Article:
France is labouring under strange visitations. Sonic of the journals will discuss a new claimant for a miracle—a young girl living at Lourdes, who has seen a vision of the Virgin. The French Government having permitted free trade in miracles, though not in testaments, the supply of course begins to respond to the demand. But while French journalists have exhibited a

submissiveness which nobody 'Would have bxpectecl from them, they cannot stand this pressure on their forbearance; and some of the most discreet not only hint the want of evidenotsfor mi

' - racles but even intimate some favour for the Bible.

In the midst of awkward discussions, which thus put to severe trial the influence and perhaps the temper of the Government, appears the will of the Duchess of Orleans—a testament which will become historical. The Duchess, who has always maintained her proper place in spite of every embarrassment and danger, here, even in death, succeeds in maintaining her position. She bequeaths her two sons to constitutional France, and thus sug- gests renewed hopes in the constitutional soundness of the Or- leans family. Should France tire of absolutism, therefore, even under a direct suffrage, the leaders of the new movement would know where to apply And in the will of the Duchess their mother, the young princes have at once a testimonial to their pretensions, and a memento of the standard by which they must abide.

Constitutionalism is receiving other testimonies. Even in Spain, the Catalonians,—whose race which was amongst the earliest and most consistent in Southern Europe to vindicate something like constitutional liberty,—have remembered that Espartero lives, and has presented to him an address of continued esteem and affection. The retired statesman-soldier replies in terms as ge- neral as possible, so as to avoid the provocation of open conflict, but at the same time plainly showing that, aged as he is, re- duced in influence as well as strength by repeated disappoint- ments, Espartero still looks forward to a return of the constitu- tional regime, and is prepared to be at his post should he be wanted. On the whole, notwithstanding the favour given to some curious forms of arbitrary power within the last ten years, constitutionalism is not defunct : its stock is still quoted ; and although we do not yet hear of any actual transactions in the market, the quotations are rising.

A domestic warfare has broken out in Constantinople which might almost be expected to crush the Sultan, or, if he prove but half as strong as Mahmoud, to complete his power under the new system. The palace is understood to be mutinous against recent laws which forbid it to profit by large appropriations out of the revenue. And a popular cry has been got up that the Sultan intends to sell Candia,—that sport of vicissitude, once the property of commercial Venice,—to the English. Abd-ul Medjid replies by addressing his assembled ministers with re- proaches for failing in their duty, after they have been appointed to provide for the welfare of his people "without distinction of oath or nationality," and with threats that in future he will be more severe towards backsliders. On his return, Lord Stratford de Redcliffe will find his royal pupil's house in admired con- fAsion.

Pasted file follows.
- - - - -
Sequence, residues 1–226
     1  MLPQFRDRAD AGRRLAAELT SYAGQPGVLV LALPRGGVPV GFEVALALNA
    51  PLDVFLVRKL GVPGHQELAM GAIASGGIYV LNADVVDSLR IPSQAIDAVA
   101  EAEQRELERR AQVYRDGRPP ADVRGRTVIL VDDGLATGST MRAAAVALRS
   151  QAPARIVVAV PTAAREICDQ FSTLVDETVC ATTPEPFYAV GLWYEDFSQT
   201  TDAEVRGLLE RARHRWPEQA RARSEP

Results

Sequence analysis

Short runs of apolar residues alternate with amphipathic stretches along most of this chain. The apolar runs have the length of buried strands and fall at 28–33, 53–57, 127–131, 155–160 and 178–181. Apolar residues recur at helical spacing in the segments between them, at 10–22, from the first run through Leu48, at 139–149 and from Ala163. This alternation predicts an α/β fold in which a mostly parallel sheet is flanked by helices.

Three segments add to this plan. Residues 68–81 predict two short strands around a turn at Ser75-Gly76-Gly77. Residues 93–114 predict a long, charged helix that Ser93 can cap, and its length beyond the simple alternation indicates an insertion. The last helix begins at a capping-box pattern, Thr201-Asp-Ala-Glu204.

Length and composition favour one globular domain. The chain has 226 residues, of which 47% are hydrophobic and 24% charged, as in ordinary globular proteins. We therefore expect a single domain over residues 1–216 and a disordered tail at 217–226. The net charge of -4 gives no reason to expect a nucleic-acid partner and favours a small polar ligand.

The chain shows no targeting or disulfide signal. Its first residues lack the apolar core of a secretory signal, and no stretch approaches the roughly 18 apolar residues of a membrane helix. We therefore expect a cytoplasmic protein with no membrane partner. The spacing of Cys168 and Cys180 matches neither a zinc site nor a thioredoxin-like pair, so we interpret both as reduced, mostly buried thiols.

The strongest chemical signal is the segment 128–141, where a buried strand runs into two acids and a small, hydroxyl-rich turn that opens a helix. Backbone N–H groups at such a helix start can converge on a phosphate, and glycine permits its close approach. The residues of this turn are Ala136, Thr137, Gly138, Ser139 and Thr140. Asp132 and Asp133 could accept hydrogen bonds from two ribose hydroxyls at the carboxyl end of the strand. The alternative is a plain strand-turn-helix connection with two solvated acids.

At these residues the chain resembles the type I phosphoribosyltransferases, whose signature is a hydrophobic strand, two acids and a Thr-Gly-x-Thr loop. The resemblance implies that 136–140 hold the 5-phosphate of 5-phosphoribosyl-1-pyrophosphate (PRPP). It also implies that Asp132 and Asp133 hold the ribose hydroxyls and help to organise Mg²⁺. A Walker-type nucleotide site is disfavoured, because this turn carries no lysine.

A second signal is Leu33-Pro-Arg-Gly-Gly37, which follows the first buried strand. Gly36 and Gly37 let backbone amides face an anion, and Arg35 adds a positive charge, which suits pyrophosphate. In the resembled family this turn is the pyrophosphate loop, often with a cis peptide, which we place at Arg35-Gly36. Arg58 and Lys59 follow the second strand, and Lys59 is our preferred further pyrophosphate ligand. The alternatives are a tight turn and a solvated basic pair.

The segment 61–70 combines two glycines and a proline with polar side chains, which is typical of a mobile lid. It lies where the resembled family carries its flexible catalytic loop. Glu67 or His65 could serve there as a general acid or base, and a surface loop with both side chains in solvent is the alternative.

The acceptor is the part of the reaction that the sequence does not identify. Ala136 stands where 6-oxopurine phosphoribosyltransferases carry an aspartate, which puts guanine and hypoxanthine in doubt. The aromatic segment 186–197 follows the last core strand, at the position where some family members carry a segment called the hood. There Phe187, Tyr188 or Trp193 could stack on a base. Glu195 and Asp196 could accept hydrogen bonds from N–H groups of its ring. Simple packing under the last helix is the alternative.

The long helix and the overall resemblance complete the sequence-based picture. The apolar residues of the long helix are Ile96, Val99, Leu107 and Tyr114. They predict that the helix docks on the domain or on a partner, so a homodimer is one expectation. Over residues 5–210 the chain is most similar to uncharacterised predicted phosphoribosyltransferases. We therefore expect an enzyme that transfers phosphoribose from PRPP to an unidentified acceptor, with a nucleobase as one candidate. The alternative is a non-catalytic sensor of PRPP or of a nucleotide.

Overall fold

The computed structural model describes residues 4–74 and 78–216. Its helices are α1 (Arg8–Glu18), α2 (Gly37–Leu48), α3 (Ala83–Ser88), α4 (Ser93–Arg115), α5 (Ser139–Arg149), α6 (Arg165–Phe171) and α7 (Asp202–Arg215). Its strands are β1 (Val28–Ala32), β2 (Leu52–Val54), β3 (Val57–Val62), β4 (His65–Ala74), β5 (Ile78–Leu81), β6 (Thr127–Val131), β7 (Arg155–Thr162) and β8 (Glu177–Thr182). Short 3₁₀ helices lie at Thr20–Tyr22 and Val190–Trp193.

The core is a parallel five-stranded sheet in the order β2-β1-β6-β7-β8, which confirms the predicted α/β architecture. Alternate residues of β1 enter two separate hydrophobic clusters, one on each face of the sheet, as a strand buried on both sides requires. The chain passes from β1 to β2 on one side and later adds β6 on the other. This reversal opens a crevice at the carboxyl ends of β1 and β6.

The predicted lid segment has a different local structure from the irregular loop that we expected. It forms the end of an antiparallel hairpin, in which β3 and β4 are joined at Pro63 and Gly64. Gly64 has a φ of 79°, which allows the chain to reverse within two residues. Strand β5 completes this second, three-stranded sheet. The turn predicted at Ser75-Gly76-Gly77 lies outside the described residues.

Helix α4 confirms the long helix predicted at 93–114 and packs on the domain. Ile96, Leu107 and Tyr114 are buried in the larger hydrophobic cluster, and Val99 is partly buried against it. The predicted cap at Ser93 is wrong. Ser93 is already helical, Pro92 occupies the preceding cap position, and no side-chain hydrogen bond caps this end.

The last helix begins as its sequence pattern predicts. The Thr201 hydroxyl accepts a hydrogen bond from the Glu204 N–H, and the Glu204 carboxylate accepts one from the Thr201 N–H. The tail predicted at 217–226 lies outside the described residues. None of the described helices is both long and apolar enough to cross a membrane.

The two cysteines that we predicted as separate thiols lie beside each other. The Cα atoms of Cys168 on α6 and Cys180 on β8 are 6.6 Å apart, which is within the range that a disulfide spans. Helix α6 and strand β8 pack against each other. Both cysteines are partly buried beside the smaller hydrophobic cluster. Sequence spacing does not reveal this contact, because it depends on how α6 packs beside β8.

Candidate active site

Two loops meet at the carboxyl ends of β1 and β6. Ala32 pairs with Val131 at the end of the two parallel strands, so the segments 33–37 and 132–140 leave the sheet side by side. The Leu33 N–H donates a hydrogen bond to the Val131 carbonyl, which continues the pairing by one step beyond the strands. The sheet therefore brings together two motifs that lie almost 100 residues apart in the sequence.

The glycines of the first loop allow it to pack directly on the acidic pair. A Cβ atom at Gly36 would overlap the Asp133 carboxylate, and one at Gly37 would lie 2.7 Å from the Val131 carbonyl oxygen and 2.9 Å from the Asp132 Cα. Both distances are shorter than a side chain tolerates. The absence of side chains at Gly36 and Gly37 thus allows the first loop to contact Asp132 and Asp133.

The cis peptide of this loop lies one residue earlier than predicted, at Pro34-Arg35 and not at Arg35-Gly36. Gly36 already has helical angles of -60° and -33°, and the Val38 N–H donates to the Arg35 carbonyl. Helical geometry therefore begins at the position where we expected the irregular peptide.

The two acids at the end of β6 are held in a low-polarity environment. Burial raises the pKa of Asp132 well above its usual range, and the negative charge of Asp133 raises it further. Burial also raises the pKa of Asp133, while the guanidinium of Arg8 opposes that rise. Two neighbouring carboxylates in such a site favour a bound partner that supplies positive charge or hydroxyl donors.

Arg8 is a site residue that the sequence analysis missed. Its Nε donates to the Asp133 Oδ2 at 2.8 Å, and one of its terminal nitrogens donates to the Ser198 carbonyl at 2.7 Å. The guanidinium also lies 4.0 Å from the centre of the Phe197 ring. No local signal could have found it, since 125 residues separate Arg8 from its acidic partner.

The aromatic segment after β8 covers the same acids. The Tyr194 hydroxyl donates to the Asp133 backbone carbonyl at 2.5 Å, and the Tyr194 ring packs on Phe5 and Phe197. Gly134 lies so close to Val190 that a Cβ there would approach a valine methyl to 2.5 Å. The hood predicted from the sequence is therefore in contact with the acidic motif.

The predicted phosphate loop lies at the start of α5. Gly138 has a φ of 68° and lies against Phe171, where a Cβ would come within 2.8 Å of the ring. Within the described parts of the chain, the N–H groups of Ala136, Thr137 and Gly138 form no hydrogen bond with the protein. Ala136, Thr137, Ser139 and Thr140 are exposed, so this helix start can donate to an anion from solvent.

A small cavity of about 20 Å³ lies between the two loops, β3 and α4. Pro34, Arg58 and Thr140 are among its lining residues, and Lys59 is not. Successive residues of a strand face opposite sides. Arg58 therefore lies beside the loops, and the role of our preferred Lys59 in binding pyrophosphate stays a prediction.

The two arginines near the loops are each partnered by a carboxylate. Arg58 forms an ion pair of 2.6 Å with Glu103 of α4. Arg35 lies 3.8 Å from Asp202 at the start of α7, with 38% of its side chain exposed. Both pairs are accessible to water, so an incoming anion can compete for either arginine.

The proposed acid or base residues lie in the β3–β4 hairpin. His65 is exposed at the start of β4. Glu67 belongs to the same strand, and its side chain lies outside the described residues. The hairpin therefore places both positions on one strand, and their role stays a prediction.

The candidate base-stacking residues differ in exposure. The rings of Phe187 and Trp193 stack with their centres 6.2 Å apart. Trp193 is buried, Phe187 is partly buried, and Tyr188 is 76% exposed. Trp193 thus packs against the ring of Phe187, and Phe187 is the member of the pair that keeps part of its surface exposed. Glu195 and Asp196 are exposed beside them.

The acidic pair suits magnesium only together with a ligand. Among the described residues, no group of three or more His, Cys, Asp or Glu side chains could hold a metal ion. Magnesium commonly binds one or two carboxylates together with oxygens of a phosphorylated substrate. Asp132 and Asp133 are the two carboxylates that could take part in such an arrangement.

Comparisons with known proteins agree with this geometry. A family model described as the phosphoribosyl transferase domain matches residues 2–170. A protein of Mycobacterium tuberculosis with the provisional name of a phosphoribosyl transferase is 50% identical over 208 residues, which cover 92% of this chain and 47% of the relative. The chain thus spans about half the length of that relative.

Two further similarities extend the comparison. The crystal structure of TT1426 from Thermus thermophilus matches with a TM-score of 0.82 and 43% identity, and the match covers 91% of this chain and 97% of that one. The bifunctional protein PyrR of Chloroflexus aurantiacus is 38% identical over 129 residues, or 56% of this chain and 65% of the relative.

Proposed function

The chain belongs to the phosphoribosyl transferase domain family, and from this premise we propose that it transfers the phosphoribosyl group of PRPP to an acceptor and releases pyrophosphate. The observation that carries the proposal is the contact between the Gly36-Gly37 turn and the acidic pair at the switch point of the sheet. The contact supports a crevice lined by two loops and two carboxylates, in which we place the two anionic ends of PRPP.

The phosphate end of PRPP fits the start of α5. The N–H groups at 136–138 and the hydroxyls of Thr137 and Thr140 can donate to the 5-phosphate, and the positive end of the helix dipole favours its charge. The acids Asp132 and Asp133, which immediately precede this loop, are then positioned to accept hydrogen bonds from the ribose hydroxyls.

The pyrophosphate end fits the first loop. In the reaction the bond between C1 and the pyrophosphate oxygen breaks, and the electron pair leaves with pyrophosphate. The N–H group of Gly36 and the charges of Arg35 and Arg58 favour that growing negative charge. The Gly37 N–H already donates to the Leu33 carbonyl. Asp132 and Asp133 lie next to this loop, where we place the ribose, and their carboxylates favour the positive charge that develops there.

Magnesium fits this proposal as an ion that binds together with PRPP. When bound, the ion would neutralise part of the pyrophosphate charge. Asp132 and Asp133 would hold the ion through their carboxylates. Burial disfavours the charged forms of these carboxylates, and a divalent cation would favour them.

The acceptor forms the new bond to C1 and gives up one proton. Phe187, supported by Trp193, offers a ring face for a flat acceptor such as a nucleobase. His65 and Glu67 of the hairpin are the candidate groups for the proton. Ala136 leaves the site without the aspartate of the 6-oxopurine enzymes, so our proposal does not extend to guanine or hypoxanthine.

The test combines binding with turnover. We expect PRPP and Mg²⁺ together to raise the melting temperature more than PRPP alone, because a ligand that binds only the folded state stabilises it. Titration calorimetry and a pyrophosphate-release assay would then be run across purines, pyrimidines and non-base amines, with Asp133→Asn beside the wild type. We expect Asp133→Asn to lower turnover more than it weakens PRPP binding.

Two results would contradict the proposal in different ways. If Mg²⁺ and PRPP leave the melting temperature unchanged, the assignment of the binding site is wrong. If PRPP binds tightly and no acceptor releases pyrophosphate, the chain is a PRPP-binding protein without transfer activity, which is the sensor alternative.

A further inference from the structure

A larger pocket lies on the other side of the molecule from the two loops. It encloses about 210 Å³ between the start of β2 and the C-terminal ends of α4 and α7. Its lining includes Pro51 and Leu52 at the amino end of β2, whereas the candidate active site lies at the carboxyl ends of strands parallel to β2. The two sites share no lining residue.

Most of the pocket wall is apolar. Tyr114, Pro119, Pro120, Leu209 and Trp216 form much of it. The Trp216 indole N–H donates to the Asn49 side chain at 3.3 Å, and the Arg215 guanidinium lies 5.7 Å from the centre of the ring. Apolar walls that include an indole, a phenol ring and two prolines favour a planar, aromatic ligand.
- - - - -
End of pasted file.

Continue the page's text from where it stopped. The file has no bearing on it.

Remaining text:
The trans-Atlantic telegraph has arrested its own proceedings, Worn out, it is supposed, by abradings near the shore end, which have exposed the wire, spoiled the insulation, and thus cut off the channel of communication. From the fact that the signals reach the American side, though they do not reach this, it is as- sumed that the injury is on the Irish shore ; and Mr. White- house, the engineer, has the satisfaction, as he shows in a pub- lished letter, of seeing his warnings verified after he has been dismissed. Yet after the telegraph has been thus suspended in its work, another engineer, Mr. Charles Bright, receives knight- hood and public dinners ; the great fact that communications can be kept up through an ocean being sufficient to make intelligent people burst forth in public demonstrations though the experiment may temporarily fail. The Killarney banquet afforded the hearty Lord Eglinton an opportunity of de- claring that neither personal feeling nor bigotry would have made him intentionally absent from another dinner,—that in Dublin. We never supposed that Lord Eglinton was a man afraid of taking the red bull by the horns.

The failure of the Atlantic Telegraph may at least teach us not to rely too much upon that which has been laid down between England and the Channel Islands. We cannot yet count upon the electric rope as the means of binding Cherbourg over to good behaviour.